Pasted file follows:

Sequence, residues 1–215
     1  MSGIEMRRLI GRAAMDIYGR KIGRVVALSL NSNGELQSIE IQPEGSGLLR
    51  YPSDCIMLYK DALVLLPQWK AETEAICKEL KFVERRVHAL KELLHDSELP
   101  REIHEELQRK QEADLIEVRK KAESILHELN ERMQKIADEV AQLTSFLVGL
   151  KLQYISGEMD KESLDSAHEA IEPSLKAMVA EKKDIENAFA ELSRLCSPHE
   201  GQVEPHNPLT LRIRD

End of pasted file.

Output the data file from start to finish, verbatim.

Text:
Sequence, residues 1–215
     1  MSGIEMRRLI GRAAMDIYGR KIGRVVALSL NSNGELQSIE IQPEGSGLLR
    51  YPSDCIMLYK DALVLLPQWK AETEAICKEL KFVERRVHAL KELLHDSELP
   101  REIHEELQRK QEADLIEVRK KAESILHELN ERMQKIADEV AQLTSFLVGL
   151  KLQYISGEMD KESLDSAHEA IEPSLKAMVA EKKDIENAFA ELSRLCSPHE
   201  GQVEPHNPLT LRIRD